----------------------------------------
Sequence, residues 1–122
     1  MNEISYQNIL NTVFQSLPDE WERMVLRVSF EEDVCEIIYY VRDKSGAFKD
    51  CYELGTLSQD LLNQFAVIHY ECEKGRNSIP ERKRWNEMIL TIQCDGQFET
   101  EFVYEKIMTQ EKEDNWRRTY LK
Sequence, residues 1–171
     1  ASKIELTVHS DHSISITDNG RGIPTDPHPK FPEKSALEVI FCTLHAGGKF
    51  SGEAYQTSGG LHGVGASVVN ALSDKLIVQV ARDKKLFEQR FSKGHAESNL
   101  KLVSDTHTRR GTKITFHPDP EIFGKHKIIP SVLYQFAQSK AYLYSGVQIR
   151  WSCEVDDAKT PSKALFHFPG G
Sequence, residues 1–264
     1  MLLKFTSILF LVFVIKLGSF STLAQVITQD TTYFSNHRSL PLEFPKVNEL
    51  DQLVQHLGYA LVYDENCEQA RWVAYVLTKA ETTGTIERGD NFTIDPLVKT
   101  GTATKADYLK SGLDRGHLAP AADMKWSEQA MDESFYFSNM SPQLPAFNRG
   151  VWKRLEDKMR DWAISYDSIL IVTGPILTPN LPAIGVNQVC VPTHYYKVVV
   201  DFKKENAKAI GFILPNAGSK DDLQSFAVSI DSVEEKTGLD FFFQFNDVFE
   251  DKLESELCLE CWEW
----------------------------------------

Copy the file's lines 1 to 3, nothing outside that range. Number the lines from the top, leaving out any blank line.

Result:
Sequence, residues 1–122
     1  MNEISYQNIL NTVFQSLPDE WERMVLRVSF EEDVCEIIYY VRDKSGAFKD
    51  CYELGTLSQD LLNQFAVIHY ECEKGRNSIP ERKRWNEMIL TIQCDGQFET